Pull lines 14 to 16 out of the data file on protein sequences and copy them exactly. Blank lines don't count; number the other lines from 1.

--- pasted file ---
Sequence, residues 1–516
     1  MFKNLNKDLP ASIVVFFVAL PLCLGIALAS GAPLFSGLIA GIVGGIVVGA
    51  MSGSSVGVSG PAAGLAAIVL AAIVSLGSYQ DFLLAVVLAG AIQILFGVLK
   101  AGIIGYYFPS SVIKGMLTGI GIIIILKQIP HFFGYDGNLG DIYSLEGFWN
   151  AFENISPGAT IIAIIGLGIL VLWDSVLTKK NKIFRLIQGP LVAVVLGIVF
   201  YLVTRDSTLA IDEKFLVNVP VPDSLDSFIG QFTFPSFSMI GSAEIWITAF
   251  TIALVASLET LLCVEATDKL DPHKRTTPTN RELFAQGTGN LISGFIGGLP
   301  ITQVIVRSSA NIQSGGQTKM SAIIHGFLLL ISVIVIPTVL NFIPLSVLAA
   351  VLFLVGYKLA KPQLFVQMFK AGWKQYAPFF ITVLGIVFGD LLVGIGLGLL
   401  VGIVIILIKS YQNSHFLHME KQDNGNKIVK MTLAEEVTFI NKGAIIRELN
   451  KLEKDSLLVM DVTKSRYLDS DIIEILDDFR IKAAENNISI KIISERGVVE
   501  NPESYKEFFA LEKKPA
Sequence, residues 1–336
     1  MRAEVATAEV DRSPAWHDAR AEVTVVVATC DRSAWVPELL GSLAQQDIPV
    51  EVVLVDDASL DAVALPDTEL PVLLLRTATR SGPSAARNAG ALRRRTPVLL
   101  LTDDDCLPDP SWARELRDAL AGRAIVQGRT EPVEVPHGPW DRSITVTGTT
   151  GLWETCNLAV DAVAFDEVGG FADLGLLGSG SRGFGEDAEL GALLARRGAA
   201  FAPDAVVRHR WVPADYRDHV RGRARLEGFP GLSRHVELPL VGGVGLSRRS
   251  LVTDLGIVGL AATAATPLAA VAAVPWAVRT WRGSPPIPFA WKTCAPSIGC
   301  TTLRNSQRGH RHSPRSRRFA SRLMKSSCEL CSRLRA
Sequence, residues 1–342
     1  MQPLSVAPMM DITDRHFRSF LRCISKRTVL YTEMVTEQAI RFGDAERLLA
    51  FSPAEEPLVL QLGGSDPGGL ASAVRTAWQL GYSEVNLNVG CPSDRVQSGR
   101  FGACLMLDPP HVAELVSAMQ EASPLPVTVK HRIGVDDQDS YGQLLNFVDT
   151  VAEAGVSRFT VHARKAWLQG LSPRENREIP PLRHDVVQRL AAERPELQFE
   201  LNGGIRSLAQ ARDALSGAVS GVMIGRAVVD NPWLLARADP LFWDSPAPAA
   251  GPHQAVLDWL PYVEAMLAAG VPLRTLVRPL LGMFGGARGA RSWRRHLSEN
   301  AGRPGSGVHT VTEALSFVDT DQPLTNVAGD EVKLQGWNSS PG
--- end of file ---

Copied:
     1  MRAEVATAEV DRSPAWHDAR AEVTVVVATC DRSAWVPELL GSLAQQDIPV
    51  EVVLVDDASL DAVALPDTEL PVLLLRTATR SGPSAARNAG ALRRRTPVLL
   101  LTDDDCLPDP SWARELRDAL AGRAIVQGRT EPVEVPHGPW DRSITVTGTT